Brazil’s Public Prosecutor’s Office (MPF) formally closed Operation Car Wash (Lava Jato), the epic corruption investigation which began in 2014 with a routine money laundering probe of an actual car wash in Brasilia. The investigation, which ended in February, quickly grew into a complex series of criminal prosecutions that snared former-President Lula da Silva as well as dozens of high-ranking federal officials and some of Brazil’s most prominent business figures. Since 2014, Car Wash has resulted in hundreds of arrests and prison sentences as well as billions of dollars in combined fines involving political elites and companies in nearly every country in the Americas.
Brazilian legal experts and political commentators have mixed opinions of Car Wash’s legacy on anti-corruption efforts in Brazil. In one sense, Car Wash succeeded by demonstrating that it was possible to hold powerful politicians and billionaires accountable for wrongdoing and that prosecutors could at least confront and expose, if not destroy, the entrenched culture of grand corruption in Brazil. The campaign was popular with a broad cross-section of Brazilians, keeping with a continent-wide trend of popular disgust with entrenched cultures of corruption among the Latin American political class. The MPF also developed deeper and broader ties with local law enforcement agencies as well as prosecutors in the U.S. and Europe, leading to better information-sharing and coordination to prosecute wrongdoing by multinational firms. The willingness to go after corruption at the highest level is exemplified by a Brazilian Senate committee’s recent report recommending an indictment of President Jair Bolsonaro for crimes against humanity and mismanagement of the coronavirus pandemic.
On the other hand, critics of Car Wash question the tactics employed by prosecutors, such as the extensive use of preventive detention to hold suspects while prosecutors gathered additional evidence and the offer of plea agreements to obtain cooperation from key witnesses. This later development is a novel innovation in Brazil’s legal system and remains controversial. Several high-profile convictions of politicians, including Lula, were later overturned by courts on technicalities.
There is also an open question of whether Brazilians are simply exhausted by seven years of near-constant Car Wash revelations. The reputation of popular Car Wash judge Sergio Moro took a significant hit after The Intercept leaked messages indicating that Moro may have improperly influenced the investigations into Lula and other political figures. Brazil’s score decreased by five points in Transparency International’s 2020 Corruption Perceptions Index compared to 2012, indicating survey respondents actually perceive the country to be more corrupt than when Car Wash began.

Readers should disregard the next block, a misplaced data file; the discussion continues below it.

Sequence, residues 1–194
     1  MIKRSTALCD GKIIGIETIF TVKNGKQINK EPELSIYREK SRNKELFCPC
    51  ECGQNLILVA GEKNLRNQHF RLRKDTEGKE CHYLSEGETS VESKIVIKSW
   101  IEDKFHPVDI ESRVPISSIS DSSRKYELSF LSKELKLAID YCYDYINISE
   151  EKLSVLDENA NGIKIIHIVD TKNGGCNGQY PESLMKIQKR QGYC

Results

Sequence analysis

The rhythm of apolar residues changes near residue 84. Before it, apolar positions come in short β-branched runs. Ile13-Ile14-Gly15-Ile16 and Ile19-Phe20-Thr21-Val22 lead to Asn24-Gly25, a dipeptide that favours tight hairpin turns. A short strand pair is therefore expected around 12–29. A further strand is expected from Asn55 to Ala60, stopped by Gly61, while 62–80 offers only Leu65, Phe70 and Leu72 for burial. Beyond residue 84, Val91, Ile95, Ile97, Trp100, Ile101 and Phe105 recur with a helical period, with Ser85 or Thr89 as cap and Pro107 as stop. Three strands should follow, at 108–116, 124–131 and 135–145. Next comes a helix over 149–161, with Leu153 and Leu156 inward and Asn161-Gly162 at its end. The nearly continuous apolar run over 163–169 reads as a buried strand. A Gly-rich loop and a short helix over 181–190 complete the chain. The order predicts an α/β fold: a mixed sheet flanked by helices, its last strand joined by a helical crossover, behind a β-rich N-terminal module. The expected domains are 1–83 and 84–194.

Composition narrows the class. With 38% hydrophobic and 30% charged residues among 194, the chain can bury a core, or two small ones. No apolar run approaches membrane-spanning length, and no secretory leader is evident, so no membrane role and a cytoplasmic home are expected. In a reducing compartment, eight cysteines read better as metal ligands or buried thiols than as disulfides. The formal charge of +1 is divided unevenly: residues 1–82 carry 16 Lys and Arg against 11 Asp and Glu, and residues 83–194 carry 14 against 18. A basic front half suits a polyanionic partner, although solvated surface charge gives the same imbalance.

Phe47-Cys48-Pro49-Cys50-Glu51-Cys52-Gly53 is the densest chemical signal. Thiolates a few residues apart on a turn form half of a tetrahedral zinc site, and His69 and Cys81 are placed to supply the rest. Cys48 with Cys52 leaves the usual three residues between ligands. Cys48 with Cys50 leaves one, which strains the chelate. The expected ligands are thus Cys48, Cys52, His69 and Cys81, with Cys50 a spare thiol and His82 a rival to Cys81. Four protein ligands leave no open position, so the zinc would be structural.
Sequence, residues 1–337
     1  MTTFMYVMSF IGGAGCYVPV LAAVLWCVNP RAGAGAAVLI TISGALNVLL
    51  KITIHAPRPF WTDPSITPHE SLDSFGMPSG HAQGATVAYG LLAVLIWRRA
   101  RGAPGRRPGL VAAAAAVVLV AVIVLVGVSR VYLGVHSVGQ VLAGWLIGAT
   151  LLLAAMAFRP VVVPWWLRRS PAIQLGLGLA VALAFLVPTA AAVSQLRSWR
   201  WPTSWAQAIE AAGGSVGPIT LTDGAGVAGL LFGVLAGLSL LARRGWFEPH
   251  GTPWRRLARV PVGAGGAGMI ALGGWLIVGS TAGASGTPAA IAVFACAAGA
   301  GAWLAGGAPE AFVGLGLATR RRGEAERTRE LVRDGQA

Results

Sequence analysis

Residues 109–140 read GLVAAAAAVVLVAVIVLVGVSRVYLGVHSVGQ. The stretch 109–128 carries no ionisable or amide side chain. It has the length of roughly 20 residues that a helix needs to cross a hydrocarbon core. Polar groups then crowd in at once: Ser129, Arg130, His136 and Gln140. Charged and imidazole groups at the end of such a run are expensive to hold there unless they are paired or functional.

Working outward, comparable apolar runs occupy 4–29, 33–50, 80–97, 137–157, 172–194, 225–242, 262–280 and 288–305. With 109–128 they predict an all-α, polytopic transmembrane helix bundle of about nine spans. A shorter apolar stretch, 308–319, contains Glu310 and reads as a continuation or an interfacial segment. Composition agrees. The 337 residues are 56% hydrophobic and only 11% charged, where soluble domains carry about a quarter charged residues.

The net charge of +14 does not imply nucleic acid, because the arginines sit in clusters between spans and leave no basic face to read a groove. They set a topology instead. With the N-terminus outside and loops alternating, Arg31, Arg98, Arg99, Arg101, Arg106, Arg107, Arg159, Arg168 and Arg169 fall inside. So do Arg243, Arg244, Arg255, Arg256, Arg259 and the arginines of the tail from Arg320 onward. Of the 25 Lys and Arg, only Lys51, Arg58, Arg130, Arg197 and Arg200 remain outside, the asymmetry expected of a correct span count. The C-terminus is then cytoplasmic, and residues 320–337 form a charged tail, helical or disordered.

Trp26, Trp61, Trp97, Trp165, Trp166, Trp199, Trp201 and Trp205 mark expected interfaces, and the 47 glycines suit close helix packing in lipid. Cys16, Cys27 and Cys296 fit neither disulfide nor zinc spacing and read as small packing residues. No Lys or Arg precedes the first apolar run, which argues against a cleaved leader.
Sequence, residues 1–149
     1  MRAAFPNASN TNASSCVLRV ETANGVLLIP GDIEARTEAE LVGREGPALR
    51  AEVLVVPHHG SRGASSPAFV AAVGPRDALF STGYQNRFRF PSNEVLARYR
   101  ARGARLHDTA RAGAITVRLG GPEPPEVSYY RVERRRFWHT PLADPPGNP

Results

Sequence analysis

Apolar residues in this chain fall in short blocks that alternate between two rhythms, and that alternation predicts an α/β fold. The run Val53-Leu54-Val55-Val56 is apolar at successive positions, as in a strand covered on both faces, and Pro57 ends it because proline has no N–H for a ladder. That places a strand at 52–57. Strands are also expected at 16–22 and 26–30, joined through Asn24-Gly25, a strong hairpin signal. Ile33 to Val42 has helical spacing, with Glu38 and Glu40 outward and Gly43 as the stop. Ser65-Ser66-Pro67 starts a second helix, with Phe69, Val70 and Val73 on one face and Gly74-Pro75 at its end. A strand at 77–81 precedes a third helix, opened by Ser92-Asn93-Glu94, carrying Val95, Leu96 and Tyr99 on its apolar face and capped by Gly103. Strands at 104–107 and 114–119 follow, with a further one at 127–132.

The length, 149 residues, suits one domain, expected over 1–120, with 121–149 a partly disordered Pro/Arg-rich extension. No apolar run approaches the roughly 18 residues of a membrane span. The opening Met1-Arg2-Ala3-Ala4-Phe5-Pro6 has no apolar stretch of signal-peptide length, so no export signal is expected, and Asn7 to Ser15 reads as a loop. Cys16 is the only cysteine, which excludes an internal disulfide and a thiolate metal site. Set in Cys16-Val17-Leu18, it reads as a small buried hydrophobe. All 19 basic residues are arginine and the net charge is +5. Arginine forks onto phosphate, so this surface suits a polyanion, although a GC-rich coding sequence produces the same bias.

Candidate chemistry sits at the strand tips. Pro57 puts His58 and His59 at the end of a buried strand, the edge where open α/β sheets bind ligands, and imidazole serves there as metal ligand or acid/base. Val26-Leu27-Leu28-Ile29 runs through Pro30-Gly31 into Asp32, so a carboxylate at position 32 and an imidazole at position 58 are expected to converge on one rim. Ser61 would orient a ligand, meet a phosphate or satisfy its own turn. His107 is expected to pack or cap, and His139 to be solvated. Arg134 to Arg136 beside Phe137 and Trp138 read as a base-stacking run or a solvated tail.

Despite these caveats, experts agree that Car Wash and the 2014 Anti-Corruption Law (commonly referred to as the Clean Companies Act) have had dramatic ramifications for companies operating in Brazil. The most important culture change is the normalization of compliance procedures among Brazilian firms. Prior to 2014, only multinationals typically had these measures in place. In addition, the harsh penalties stipulated by the Anti-Corruption Law have incentivized companies to cooperate with prosecutors in exchange for reduced fines and sentences, in contrast with the previous tendency for companies to simply deny wrongdoing and drag out court proceedings as long as possible. Brazil’s Comptroller-General (CGU) has also emphasized that proper implementation of a robust compliance program is a key factor in its decision-making on potentially reducing or waiving fines against companies found guilty of violations. Moro, who is now in private practice, commented at an October 2021 legal industry event that companies should proactively collaborate on proposing joint compliance standards, rather than hoping that individual firms act as “islands of integrity” or waiting for the government to make formal rules.
In December 2020, several enforcement agencies announced a five-year Anti-Corruption Plan that calls for enhanced inter-agency cooperation and further centralizes anti-corruption enforcement under the CGU. Notably, the MPF did not participate in the government’s announcement of the plan and has not agreed to cede authority to the CGU on negotiating plea agreements. The extensive proposals in the plan, such as the creation of public databases of politically exposed persons (PEPs) and public procurement invoices, nevertheless represent a commitment by the Brazilian government to continual improvement and scaling up of compliance and anti-corruption measures.
Car Wash as a discreet investigation may be over, but it kicked off a cultural shift towards compliance and an ongoing wave of enforcement changes in Brazil. Companies operating in the country should be ready to maintain and expand their due diligence procedures for third parties and clients.
For your international due diligence needs in Brazil, turn to Vcheck Global. Our analysts have the Portuguese language skills and in-country experience to navigate post-Car Wash compliance and reputational risks.
Jon Ettinger is a Senior Associate at Vcheck Global.